Interview + Promo Post: Angella Graff (Author of Alexandra Fry, Private Eye)


Hey guys! So, I’ve been a little busy and haven’t been able to write the review for the book I just finished, That Ghoul Ava and the Queen of Zombies, but I will have it ready in a few days. I promise! In the meantime, I have an interview with an amazing author, Angella Graff who is the lady behind the book, Alexandra Fry, Private Eye. There’s also a promo post following the interview where Angella talks about her book and the Tucson Alliance for Autism. Hope you enjoy!

INTERVIEW

Hi Angella! Welcome to That Artsy Girl’s Book Blog. I’m so glad to have your here. 🙂 Why don’t you give us a little intro about yourself?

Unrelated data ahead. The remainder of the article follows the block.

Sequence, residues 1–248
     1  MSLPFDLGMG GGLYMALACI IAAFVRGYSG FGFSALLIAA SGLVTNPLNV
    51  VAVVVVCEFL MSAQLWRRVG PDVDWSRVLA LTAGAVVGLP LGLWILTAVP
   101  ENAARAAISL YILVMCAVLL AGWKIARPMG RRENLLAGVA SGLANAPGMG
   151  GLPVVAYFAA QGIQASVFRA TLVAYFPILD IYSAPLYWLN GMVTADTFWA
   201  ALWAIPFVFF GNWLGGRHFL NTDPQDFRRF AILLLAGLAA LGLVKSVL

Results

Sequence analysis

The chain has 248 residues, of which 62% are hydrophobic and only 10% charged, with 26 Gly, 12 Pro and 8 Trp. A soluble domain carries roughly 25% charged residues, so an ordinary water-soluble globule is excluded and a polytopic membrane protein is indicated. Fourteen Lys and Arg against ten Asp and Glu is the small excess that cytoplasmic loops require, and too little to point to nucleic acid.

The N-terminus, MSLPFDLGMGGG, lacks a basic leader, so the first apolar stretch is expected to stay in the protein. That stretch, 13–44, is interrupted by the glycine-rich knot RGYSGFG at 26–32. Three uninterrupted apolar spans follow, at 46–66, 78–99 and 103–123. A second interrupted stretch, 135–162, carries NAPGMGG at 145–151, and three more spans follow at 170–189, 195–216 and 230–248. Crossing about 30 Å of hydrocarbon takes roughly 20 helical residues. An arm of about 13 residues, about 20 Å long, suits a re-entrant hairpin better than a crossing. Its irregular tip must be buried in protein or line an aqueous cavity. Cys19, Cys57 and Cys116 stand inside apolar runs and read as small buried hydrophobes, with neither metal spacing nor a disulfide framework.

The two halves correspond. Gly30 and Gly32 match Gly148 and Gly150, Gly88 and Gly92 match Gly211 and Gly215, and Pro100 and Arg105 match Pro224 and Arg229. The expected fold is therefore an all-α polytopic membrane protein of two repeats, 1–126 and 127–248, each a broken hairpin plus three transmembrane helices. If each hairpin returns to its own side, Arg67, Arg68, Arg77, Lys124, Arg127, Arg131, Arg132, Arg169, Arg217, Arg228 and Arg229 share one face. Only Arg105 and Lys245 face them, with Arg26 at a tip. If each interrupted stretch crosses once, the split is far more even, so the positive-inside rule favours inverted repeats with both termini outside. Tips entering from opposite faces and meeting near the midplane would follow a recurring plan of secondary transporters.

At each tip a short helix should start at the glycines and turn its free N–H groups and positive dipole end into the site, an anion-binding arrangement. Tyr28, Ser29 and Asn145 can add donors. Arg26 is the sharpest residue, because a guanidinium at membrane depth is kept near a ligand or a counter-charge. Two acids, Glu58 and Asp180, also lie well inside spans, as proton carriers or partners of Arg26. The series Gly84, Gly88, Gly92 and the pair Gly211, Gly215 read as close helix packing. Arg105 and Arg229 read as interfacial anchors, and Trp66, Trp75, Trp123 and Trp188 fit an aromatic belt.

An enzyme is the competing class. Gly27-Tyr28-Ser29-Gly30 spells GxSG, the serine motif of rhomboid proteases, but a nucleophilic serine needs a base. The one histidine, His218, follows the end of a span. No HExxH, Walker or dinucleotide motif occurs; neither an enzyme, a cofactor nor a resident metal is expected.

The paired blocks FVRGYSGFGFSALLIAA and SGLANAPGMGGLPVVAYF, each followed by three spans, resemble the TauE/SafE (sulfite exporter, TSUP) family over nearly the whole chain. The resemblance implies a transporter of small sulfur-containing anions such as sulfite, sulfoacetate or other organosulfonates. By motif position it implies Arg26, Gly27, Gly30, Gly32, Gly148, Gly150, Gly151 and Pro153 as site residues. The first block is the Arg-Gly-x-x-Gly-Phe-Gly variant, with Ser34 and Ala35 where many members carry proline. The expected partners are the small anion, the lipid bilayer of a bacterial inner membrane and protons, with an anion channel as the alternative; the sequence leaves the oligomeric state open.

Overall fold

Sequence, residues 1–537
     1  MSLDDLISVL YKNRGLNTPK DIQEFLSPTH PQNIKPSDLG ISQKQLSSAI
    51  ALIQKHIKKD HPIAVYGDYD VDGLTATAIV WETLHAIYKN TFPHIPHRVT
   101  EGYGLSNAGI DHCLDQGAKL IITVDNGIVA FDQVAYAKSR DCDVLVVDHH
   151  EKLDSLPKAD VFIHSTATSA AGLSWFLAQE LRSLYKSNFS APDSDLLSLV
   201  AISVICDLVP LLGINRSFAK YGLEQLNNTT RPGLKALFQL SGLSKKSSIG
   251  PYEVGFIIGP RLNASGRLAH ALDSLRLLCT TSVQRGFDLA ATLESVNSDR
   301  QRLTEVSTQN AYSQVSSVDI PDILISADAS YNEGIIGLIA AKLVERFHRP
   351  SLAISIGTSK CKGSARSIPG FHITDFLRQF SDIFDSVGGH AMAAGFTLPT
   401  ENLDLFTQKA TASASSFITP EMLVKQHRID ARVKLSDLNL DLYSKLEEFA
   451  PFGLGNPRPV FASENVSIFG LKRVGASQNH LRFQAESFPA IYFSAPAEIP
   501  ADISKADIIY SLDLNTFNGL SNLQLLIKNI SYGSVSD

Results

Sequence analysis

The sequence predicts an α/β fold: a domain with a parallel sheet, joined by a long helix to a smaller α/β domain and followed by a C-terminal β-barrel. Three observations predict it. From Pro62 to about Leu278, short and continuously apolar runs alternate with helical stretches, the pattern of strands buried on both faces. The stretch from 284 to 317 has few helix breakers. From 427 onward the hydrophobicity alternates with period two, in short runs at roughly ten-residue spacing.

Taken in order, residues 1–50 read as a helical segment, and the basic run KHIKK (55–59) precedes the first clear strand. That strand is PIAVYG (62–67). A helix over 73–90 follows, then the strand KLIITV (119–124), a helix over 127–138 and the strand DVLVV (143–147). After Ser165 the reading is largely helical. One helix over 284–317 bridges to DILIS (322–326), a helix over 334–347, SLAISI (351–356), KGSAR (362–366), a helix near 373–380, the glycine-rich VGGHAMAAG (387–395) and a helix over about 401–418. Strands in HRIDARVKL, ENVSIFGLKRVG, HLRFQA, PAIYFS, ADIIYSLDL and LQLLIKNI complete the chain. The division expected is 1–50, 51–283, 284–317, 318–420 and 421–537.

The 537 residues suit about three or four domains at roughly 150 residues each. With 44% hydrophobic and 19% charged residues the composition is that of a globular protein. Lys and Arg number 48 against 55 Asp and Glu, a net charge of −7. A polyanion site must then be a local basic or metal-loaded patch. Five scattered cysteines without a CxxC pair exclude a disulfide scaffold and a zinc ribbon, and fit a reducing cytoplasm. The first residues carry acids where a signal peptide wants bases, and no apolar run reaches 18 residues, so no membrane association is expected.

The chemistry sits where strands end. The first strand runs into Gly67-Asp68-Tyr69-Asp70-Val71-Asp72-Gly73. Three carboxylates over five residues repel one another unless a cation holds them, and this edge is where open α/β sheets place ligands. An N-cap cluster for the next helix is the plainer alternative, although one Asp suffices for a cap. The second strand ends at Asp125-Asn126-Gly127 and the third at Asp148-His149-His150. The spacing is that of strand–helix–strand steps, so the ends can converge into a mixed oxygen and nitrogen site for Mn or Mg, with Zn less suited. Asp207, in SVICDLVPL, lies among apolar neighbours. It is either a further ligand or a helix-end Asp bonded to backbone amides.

Hi!  Thanks for having me, I really appreciate it.  Well I’m a pretty simple person.  I’m married to a wonderful man and we have three gorgeous kids.  I work as an editor for a publishing house by day, and when I’m not doing stuff with the kids, I’m usually writing (or at Zumba!) or spending the evenings digging away in my garden.  Nothing extraordinary, but I definitely feel like I hit the ground running from the moment I wake up!

Your book, Alexandra Fry: Private Eye sounds like a supercool book. Tell us what the book is about.

Well Alexandra Fry, Private Eye is a young adult series about a girl, Alexandra, who has a very unique gift.  She can see ghosts.  The ghosts who visit her are some of history’s most famous, and they come to her for help in finding items that used to belong to them that have been stolen.  She gets into a lot of sticky situations trying to recover these items, but with the help of her friends Penelope and Jack, they get the job done.